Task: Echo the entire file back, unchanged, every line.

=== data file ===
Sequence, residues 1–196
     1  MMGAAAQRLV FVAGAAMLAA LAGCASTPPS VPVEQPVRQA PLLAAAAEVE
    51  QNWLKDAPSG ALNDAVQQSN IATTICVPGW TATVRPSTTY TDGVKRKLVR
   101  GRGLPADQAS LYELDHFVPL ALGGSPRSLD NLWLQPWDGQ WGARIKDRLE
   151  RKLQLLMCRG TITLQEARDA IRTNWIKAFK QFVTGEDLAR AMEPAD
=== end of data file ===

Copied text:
Sequence, residues 1–196
     1  MMGAAAQRLV FVAGAAMLAA LAGCASTPPS VPVEQPVRQA PLLAAAAEVE
    51  QNWLKDAPSG ALNDAVQQSN IATTICVPGW TATVRPSTTY TDGVKRKLVR
   101  GRGLPADQAS LYELDHFVPL ALGGSPRSLD NLWLQPWDGQ WGARIKDRLE
   151  RKLQLLMCRG TITLQEARDA IRTNWIKAFK QFVTGEDLAR AMEPAD